The World Gets Sweet on Chocolate Orgániko
Author: Adrienne Smiith/©ICEX
Publication Date: 11 Jul 2012
Like most companies, Chocolate Orgániko started as a concept, a deliciously sweet and sometimes spicy idea that has turned into something much more tangible: a Spanish brand of artisanally-made organic chocolates that has become so popular around the world that exports currently account for an impressive 80% of all sales.
“Let’s learn to do something new!” This admirable sentiment by María Eugenia Pozo Serrano and Carlos Ortiz de Río Blas, captured the driving force behind Chocolate Orgániko, the steadily growing organic chocolate company that this thirty-something couple established in 2006. Burned out from years in the advertising business, Eugenia and Carlos decided to turn their love of chocolate and their steadfast dedication to a healthy and organic lifestyle into a new business that would fulfill a growing “need to do something that they felt passionate about”, as Eugenia so aptly put it. It would also put their many years of communications, marketing and graphic design skills to the test, focusing on the best brand of all, their own.
The first step was to dive head first into the world of organic chocolate, learning all they could about its origins and production techniques. They invested all their savings into the new company and took out a loan to buy a small workshop/office in Eugenia’s hometown of Alcalá de Henares (Madrid). Eugenia initially divided her time between an advertising career and the new company. Meanwhile, in addition to designing the brand’s eye-catching, colorful graphics and packaging, Carlos took a class on how to process and work with chocolate. Soon after that the pair had their first experience with what they now say has been one of the defining aspects of their business, “the luck that we have had in meeting certain people along the way.”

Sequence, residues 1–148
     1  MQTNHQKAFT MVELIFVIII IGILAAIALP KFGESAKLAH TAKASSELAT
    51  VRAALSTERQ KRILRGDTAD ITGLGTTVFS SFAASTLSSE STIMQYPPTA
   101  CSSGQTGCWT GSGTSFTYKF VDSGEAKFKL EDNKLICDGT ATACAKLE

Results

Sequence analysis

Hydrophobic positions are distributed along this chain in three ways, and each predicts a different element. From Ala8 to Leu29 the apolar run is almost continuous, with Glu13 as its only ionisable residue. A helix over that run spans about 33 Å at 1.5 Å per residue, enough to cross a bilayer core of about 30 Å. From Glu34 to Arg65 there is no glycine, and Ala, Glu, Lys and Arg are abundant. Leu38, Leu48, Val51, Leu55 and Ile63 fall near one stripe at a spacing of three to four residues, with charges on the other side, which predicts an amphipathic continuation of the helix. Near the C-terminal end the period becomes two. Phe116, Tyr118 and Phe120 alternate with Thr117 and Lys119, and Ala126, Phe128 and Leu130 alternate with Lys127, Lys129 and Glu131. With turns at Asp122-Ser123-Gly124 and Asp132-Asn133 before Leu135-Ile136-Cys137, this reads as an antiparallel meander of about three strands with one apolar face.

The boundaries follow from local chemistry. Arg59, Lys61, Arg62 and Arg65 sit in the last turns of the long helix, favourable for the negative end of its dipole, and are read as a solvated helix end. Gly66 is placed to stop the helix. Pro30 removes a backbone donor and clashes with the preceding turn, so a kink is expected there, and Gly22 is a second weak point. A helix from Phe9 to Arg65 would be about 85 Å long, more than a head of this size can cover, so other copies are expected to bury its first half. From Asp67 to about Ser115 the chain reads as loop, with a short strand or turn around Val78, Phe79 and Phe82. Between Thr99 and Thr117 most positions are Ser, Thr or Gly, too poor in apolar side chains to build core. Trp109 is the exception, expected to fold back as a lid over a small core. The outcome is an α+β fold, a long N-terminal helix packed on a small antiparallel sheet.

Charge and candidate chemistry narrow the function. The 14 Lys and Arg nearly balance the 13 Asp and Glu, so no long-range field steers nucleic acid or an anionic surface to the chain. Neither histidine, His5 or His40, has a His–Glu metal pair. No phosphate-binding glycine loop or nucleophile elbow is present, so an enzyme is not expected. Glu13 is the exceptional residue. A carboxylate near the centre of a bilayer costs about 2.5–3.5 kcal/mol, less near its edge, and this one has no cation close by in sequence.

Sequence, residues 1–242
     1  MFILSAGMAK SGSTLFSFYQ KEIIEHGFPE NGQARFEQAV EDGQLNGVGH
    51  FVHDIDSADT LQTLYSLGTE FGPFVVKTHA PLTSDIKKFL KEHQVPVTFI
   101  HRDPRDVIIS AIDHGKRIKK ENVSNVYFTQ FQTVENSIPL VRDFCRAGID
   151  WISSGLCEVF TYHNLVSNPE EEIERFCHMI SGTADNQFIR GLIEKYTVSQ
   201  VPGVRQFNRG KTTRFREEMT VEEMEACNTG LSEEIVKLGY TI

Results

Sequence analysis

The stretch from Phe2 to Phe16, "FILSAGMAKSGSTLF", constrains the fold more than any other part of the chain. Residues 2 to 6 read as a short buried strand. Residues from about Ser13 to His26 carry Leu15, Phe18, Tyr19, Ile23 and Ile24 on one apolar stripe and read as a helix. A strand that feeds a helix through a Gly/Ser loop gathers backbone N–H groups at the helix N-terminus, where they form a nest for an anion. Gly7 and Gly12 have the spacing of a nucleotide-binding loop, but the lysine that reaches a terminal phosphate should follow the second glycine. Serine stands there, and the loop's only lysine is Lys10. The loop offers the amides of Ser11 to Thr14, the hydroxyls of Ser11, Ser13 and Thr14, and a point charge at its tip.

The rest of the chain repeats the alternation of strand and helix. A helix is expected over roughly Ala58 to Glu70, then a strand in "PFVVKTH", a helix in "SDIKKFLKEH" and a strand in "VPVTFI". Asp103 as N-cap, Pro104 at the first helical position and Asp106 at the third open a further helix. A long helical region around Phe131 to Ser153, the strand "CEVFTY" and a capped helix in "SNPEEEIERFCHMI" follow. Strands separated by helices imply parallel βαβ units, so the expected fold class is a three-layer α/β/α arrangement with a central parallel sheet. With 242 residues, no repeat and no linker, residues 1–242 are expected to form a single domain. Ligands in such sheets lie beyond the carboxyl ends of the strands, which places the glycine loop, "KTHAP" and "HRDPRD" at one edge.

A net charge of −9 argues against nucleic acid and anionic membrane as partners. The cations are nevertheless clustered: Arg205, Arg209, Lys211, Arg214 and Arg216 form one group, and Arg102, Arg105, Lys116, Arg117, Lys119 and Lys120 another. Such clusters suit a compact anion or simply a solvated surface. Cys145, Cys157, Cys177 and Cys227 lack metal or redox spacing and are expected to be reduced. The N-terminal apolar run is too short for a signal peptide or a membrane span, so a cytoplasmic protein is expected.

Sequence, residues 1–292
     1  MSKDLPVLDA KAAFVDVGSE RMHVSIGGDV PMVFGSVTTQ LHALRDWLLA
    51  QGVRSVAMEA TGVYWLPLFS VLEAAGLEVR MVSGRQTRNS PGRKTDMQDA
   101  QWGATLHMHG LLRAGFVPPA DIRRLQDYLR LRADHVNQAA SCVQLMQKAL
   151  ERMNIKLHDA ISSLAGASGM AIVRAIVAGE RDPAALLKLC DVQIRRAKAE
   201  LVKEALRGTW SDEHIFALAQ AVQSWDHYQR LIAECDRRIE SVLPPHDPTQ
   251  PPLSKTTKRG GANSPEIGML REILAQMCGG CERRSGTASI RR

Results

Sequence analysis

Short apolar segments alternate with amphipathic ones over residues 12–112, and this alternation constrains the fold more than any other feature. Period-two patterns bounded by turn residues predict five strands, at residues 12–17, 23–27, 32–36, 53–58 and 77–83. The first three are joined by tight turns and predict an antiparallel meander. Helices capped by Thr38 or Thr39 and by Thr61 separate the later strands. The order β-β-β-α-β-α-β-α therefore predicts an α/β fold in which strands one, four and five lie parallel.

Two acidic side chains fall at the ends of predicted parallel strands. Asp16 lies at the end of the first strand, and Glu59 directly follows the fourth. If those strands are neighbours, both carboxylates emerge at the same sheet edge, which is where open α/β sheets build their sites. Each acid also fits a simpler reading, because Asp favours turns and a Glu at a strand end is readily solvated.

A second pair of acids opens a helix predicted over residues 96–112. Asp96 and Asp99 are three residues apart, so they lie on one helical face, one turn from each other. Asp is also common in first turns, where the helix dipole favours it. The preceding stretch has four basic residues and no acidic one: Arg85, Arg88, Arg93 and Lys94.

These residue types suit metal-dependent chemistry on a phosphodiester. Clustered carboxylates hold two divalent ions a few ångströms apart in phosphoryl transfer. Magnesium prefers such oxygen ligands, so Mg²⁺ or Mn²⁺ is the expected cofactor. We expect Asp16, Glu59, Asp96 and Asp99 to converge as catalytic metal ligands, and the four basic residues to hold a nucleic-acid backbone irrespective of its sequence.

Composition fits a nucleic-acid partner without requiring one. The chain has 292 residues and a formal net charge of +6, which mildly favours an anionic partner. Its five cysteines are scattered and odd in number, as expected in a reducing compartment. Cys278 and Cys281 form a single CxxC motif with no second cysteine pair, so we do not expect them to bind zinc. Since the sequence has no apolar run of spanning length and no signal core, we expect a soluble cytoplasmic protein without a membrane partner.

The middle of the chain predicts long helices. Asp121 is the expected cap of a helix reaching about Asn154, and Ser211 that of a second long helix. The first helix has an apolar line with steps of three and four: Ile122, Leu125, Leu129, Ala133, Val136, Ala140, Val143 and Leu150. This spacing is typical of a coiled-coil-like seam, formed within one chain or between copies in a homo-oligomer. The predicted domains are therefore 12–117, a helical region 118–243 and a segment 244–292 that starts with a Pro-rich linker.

Not only have they enjoyed immense support from family members, but also one of the couple’s early influences was the well-known Madrid pastry chef and chocolatier Ricardo Martínez, whom they originally approached to become their chocolate maker. Ricardo took the time to teach, encourage and convince Eugenia and Carlos that they had what it took to make the chocolate themselves. According to Eugenia, “This belief in our abilities was fundamental to getting the business up and running.” With Ricardo’s help, Carlos took up a spatula began to make chocolates, something that he still does today with the help of employees Raquel de Lucas and María Ángeles Gómez.
Another source of assistance was Danilo Duarte of the National Cocoa Commission of the Dominican Republic, whom they met at the Alimentaria food fair in Barcelona. They traveled to his country to visit organic chocolate plantations and study factors like pH levels and fermentation processes. In Eugenia’s words, “We wanted to specialize in organic cacao to be able to make our own chocolates, starting from a quality raw product. It is a very dynamic process and we wanted this to be reflected in the flavor of our products.” This also gave them a first hand look at the organic cultivation processes, which use no chemicals, pesticides or heavy metal additives of any kind.